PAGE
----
Dr Donna Daly
Senior Lecturer in Physiology
School of Pharmacy and Biomedical Sciences
After graduating with a PhD from the University of Sheffield in 2008, Donna worked as a post-doctoral researcher on a number of projects before joining UCLan in 2016. She teachers across a range of subjects for our Biomedical Science, Pharmacology and Pharmacy programs. Donna has a number of research interests, which centre around understanding the function of the peripheral nervous system.
Donna is a neurophysiologist and pharmacologist. She has particular expertise in the physiology and pharmacology of the visceral organs including the gastrointestinal system and urinary tract. She leads a 40 credit second year module (physiology and pharmacology) and a 20 credit second year module (tissues to organisms), is the course leader of the Neuroscience Research Masters degree (MRes), and co-ordinates a number of sub-themes of the pharmacy program. She is an academic advisor providing academic and pastoral support for undergraduate student and she supervises undergraduate projects. Donna is an active researcher and supervises a number of PhD and Masters students. Her research aims to understand how the sensory nerves innervating the visceral organs such as the bladder and intestine detect normal bladder filling and how these signals are altered with disease or ageing.
Donna completed her PhD at the University of Sheffield in 2007 under the supervision of Professor David Grundy, Professor Chess-Williams and Professor Christopher Chapple where she developed and validated an in vitro model for studying bladder sensory nerves. Following this she did a post-doc at Queens University, Canada with Dr Michael Beyak looking at the effects of long term diet-induced obesity on gut sensitivity. In 2010 Donna was awarded a 12 month European fellowship to study the role of proteases in colonic inflammation after which she continued her previous work on the lower urinary tract. She has since conducted a number of studies looking at the effect botulinum toxin on bladder function and the impact of ageing on the sensitivity of bladder nerves. She is also currently working with some mathematical modellers to try and build a physiologically relevant model of bladder filling. While a post-doctoral fellow at the University of Sheffield Donna contributed to teaching on the Dentistry and Biomedical science degree and completed a PG Cert (higher education). She joined UCLan in 2016 as a Lecturer in Physiology and Pharmacology and was promoted to Senior Lecturer in Physiology in 2018. Donna teachers across a range of subjects for our Biomedical Science, Pharmacology and Pharmacy programs and continues her research of peripheral neurophysiology.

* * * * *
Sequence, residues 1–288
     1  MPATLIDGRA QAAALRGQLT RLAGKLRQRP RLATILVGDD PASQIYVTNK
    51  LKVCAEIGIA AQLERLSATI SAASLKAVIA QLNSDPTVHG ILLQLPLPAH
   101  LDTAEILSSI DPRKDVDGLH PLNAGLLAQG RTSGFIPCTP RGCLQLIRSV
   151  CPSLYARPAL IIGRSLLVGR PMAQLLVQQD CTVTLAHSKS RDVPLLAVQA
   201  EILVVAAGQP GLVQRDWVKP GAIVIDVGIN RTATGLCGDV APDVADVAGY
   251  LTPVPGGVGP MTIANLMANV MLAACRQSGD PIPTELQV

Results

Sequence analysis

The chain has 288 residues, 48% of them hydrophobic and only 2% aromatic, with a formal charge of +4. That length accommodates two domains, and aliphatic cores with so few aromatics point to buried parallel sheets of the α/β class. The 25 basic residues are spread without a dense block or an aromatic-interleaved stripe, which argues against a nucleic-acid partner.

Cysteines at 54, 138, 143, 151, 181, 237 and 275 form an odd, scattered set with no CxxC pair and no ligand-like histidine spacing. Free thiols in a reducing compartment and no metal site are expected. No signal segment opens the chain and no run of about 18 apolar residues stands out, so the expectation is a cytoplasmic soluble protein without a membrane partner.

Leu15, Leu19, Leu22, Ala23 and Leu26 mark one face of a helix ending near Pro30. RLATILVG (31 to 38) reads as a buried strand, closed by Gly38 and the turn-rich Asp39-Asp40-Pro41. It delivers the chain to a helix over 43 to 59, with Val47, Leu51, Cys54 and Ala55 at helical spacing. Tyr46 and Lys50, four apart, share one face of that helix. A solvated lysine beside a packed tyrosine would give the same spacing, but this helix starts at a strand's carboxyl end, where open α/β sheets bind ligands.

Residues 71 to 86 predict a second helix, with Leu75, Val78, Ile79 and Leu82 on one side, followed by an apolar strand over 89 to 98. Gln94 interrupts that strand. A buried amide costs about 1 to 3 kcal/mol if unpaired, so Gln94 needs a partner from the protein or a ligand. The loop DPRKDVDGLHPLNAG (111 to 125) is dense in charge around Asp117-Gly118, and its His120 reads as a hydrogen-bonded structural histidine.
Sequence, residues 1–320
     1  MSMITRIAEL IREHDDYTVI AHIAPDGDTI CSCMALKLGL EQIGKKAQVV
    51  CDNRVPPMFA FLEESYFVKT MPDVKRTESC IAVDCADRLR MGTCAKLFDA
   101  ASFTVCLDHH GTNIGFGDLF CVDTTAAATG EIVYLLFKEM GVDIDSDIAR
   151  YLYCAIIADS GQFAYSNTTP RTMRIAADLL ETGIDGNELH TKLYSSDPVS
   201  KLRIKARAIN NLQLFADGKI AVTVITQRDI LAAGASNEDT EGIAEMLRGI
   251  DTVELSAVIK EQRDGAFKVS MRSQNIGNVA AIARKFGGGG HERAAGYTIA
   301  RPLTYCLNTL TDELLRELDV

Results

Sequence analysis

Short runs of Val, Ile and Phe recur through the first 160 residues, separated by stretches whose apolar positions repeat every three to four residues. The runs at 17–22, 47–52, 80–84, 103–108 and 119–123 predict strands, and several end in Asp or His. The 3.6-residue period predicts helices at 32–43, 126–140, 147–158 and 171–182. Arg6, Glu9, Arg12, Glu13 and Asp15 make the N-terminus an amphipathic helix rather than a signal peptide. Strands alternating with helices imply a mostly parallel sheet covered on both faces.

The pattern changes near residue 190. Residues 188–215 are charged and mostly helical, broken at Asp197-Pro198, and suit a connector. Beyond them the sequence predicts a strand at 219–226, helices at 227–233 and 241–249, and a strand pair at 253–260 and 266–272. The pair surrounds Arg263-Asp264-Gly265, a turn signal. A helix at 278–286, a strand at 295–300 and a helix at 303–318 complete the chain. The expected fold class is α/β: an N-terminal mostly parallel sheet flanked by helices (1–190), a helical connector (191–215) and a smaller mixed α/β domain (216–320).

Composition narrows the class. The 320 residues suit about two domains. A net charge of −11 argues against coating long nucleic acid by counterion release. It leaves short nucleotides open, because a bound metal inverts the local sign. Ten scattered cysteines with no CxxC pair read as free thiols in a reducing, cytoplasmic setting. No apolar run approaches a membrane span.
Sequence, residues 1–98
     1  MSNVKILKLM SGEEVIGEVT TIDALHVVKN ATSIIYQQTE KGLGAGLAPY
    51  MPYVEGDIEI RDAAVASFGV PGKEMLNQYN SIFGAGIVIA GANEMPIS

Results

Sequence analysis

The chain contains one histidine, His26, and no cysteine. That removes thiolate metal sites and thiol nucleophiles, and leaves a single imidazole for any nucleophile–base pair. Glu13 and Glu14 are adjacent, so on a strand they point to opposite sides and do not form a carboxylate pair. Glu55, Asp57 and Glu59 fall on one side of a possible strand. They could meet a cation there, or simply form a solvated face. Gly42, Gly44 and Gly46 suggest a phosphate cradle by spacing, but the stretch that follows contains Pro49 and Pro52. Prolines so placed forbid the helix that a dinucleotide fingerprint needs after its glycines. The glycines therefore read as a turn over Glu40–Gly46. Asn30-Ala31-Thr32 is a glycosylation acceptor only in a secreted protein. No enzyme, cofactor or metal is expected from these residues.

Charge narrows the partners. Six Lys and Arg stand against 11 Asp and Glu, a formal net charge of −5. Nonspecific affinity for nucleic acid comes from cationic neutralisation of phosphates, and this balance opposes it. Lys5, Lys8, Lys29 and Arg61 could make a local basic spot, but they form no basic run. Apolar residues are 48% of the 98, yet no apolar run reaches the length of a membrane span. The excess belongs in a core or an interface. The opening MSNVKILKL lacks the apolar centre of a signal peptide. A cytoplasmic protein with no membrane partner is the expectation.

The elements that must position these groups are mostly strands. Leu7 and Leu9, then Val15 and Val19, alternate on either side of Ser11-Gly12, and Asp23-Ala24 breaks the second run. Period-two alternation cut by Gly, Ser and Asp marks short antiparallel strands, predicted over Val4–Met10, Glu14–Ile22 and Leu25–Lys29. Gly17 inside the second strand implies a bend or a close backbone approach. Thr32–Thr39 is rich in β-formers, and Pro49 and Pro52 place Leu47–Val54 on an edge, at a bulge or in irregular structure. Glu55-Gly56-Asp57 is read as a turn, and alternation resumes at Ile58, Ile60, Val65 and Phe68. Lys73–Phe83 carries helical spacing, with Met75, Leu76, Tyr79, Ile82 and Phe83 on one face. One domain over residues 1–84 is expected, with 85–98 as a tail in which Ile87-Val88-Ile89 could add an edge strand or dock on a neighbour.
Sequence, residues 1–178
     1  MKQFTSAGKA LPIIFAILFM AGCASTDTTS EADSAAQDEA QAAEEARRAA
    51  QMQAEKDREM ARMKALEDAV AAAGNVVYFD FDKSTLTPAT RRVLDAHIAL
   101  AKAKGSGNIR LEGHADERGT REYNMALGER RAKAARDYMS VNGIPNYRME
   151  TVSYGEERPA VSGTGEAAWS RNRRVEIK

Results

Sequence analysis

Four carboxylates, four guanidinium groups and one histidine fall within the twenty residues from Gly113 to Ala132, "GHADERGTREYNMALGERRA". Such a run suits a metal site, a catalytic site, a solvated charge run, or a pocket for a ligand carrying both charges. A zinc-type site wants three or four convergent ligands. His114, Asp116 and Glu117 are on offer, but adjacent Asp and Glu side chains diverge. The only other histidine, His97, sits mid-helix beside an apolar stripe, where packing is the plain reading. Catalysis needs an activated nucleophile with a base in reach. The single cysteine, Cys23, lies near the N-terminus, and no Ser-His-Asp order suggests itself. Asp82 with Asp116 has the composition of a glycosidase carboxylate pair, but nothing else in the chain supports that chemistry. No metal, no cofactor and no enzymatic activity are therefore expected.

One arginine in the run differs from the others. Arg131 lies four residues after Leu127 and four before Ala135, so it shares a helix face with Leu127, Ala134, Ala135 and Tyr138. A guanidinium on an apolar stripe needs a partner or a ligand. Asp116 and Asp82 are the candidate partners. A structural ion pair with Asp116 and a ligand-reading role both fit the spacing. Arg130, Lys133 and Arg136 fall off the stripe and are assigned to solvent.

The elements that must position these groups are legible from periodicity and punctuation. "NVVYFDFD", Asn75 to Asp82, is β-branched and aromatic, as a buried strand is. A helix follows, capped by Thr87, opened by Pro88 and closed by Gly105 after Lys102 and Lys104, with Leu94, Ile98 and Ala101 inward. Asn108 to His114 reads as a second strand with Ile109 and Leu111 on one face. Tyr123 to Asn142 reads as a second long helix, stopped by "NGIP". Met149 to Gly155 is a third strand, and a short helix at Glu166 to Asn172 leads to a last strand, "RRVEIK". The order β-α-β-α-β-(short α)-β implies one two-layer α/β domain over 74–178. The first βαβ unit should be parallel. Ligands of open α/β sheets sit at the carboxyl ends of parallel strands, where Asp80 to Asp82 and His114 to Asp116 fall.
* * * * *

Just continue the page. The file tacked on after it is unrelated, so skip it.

- PG Cert (Higher Education), University of Sheffield, 2014
- PhD Physiology, University of Sheffield, 2008
- BSc (Hons) Biomedical Science, University of Sheffield, 2004
- John Blandy Prize for best scientific paper 2015
- 2013 she was awarded the ICS best scientific abstract prize
- ICS Ferring-Water prize for new investigators2012
- Human physiology
- Afferent nerves
- Lower urinary tract
- Member of the British Physiological Society
- Fellow of the HEA